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  1. #1
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    Jan 2011
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    Default Ceiling fan(s) in cathedral ceiling

    I have a 25' cathedral ceiling and am trying to figure out the best strategy for adding ceiling fans to aid in winter heating. This isn't a question about mounts - I have a rough idea of the different mount options to put the fans either directly at the apex or on the angled ceiling.

    Rather, here's what I'm struggling with: at 25', the longest fan extension I've come across doesn't get the fan to the "ideal" of 8-9' above the floor. Plus, having a super-long extension sounds as if it might look ugly.

    I can also consider the option of adding fans to both sides of the angled ceiling. If I did that I could easily get the fan to the desired height. For symmetry, I'd probably want to put in two fans: one on either side.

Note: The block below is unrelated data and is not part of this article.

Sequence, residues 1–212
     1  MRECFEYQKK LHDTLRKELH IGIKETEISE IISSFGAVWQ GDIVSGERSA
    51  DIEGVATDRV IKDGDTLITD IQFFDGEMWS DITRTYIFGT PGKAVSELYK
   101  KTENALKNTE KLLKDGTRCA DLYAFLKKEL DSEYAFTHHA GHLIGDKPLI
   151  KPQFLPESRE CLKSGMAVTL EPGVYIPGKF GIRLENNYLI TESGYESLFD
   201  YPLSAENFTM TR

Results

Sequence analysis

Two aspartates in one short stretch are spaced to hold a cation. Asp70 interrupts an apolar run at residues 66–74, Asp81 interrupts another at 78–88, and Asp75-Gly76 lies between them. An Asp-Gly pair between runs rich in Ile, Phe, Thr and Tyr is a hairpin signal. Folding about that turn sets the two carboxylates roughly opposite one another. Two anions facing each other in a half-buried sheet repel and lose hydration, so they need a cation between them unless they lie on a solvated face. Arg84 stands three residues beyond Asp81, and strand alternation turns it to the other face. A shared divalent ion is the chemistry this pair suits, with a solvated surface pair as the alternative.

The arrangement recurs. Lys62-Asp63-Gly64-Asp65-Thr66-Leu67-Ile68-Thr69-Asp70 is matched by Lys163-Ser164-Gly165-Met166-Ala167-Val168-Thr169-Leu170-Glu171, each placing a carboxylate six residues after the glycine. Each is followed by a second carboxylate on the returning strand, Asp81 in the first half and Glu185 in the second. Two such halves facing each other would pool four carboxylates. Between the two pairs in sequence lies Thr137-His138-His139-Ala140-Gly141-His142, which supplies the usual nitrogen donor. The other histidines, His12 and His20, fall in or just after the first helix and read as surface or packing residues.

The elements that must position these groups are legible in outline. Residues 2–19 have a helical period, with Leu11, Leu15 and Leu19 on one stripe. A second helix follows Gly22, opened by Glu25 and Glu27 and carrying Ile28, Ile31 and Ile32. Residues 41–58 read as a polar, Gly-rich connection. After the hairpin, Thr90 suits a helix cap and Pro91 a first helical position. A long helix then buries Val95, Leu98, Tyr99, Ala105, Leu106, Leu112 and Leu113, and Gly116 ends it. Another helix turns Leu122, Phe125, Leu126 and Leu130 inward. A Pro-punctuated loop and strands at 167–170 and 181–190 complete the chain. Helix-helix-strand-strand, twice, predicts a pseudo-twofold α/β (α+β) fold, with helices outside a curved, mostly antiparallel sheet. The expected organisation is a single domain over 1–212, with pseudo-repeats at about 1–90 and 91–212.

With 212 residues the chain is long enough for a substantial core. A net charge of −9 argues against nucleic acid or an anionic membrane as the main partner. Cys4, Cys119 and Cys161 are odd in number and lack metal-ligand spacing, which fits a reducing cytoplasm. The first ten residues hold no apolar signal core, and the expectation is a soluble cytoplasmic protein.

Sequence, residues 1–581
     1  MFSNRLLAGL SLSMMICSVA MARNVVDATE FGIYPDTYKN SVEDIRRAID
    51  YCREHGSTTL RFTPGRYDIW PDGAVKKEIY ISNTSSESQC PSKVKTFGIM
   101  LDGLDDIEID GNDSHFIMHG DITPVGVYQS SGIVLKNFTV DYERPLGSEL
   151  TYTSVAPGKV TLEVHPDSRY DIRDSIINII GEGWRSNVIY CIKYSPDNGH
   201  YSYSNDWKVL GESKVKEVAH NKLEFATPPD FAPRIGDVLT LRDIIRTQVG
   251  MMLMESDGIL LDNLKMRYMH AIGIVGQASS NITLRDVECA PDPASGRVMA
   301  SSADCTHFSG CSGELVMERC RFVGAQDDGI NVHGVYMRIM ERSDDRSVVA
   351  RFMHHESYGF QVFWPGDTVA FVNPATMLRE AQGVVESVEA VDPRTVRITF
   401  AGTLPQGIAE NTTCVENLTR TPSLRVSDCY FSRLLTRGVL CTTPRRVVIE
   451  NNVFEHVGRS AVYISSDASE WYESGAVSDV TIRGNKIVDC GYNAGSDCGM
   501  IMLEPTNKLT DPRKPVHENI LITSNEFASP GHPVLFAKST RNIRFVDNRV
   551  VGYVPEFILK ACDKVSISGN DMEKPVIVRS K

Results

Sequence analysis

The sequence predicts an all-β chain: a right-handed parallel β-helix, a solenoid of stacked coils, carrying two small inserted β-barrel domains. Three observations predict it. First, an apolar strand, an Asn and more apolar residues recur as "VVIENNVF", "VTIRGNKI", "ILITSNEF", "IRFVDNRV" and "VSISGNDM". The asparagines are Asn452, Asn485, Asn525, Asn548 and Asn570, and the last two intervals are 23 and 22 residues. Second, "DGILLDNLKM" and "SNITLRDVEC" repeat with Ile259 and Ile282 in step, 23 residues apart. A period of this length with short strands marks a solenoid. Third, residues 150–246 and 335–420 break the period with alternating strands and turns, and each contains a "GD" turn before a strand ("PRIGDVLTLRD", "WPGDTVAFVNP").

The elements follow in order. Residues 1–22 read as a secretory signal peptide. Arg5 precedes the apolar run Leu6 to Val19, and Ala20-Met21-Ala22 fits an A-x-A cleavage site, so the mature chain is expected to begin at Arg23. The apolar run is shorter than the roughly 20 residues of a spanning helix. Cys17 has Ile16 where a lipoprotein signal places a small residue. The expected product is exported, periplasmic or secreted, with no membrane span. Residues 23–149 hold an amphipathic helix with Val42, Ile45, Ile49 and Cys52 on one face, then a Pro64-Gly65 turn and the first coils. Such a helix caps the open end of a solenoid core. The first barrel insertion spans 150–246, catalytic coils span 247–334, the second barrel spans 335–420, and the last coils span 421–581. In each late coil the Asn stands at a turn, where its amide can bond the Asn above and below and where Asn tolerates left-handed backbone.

My question has to do with the efficiency of one approach versus the other. My understanding is that for winter purposes, you draw the air up and push towards the ceiling in order to promote circulation. If I have two fans at equal spots on either side of the apex, will I somehow impact the circulation? Will the air going up from each cancel out the effect of recirculating the air back down?

    Alternatively, if I go with the single apex-based mount, how much efficiency do I lose by having the fan be more like 15' off the ground rather than the recommended 8-9'?

    Are there alternate ways to think about the problem?

    Thanks for any advice,
    jtf

  2. #2
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    Jan 2009
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    Needham, MA
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    Default Re: Ceiling fan(s) in cathedral ceiling